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Summary of key points from updated guidance on viability

Posted 26/07/2018

With the arrival of the newly published National Planning Policy Framework earlier this week, the Ministry of Housing, Communities & Local Government have updated their guidance on viability and we have put together a brief summary of what we think are the key points:

 

Viability and Plan Making

  1. Viability assessments are now to form a more significant part of plan making. Plans should clearly set out the expected contributions from allocated sites including the levels of affordable housing and infrastructure requirements, so that the obligations can be accurately accounted for in the cost of land.
  2. The aim of conducting viability assessments at the plan making stage is to ensure that sustainable development is not compromised. Policies should be realistic so that the total cumulative cost of all obligations will not undermine deliverability of the plan. This means that policy requirements – particularly affordable housing – should be based on the actual need for affordable housing and infrastructure connected to certain types of sites.
  3. As the viability reports will not be site specific, the Government have decided to employ a typology approach grouping allocated sites depending on shared characterises e.g. location, greenfield or brownfield, size, current or proposed use, type of development. Average costs will then be applied to estimate the viability of each type of site and how it will be affected by relevant policies. Only strategic sites that are crucial for delivering an LPA’s housing supply will be allowed to have a site specific viability assessment.
  4. The responsibility to engage in the plan making stage lies with the site promotors.
  5. Review mechanisms are to be set out at plan level so that all parties are clear when viability should be reassessed during the lifetime of a development and how viability is to be reassessed.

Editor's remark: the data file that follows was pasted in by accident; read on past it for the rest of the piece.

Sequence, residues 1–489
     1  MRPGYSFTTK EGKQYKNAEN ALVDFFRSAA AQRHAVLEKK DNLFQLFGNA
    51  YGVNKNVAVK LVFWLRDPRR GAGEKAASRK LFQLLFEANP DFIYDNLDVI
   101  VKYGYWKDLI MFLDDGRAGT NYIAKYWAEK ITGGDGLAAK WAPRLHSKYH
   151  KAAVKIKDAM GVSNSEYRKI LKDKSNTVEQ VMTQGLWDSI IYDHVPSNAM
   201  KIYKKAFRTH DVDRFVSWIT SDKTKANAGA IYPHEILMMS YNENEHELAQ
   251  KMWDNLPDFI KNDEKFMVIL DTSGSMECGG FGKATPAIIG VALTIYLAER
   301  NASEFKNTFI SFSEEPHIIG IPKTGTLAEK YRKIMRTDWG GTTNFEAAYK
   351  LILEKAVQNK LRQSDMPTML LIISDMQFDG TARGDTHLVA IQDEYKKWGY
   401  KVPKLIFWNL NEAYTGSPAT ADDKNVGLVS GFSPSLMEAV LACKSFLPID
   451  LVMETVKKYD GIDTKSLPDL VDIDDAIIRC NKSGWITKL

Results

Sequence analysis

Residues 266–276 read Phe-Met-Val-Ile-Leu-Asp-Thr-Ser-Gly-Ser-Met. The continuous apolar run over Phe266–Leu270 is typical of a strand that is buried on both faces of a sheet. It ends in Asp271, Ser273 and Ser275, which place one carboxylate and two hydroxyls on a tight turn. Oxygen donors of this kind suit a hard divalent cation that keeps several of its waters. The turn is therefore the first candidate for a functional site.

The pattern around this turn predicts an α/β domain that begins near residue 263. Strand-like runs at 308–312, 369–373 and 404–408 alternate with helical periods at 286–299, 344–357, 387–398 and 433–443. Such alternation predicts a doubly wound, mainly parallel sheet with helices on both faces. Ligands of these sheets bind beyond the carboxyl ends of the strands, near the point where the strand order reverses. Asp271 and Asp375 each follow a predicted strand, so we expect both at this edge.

The Value of Land

  1. The new guidance repeatedly refers to the fact that ‘under no circumstances will the price paid for land be a relevant justification for failing to accord with policies in the plan.’ This move is clearly intended to prevent instances like in the case of Parkhurst Road Ltd v Secretary of State for Communities and Local Government and London Borough of Islington in which the former territorial army centre on Parkhurst Road was acquired for £13.25 million and the developer claimed that it was not viable to provide the amount of affordable housing required by policy instead insisting that it could not provide more than 10%. Islington Council countered that the cost of the land should have been no more than £6.75 million and if that figure was input into the viability calculation the developer would have been able to build more affordable housing. The Council were successful at the High Court but, after years of litigation, the site has remained empty and much needed housing supply has not come forward.
  2. Further clarity is added by the new guidance as to how Benchmark Land Value (BLV) should be calculated. It should be based on:
  • Existing Use Value- this is the value of land in existing use together with the right to implement any development for which there are policy requirement extant planning consents, including realistic deemed consent.
  • Premium to landowners- this is intended to reflect the minimum return at which a landowner would be willing to sell land.
  • Abnormal costs that are site specific.
  • Market evidence but the price paid for land cannot be included in this.

Transparency within Planning

  1. Following the High Court decision in 2002 concerning the Arsenal Football Stadium, viability assessments submitted by developers to planning authorities have been treated as confidential. Leading to some local authorities even restricting the assessments from view of the planning committee members. This practice became hugely controversial, an example of which is the Heygate Estate, which saw the demolition of 1,000 socially rented homes to be replaced with just 74, plus intermediate housing, fuelled public anger.

In response, the new Guidance now states that viability assessments must be publicly available.

Where an LPA is satisfied that a viability report contains information that is commercially sensitive, such as information connected to negotiations over purchasing the land are still underway, the full report will not need to be made publicly available but an executive summary will need to be produced instead.

The above is just a brief overview of what the team of Planning Law specialists at Holmes & Hills Solicitors believe are the important points arising from the guidance. For further detail, we recommend reading the guidance document which is available to view in full here.

 

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Sarah Cook

Posted 26/07/2018 by:
Sarah Cook
Solicitor in Planning & Development Team



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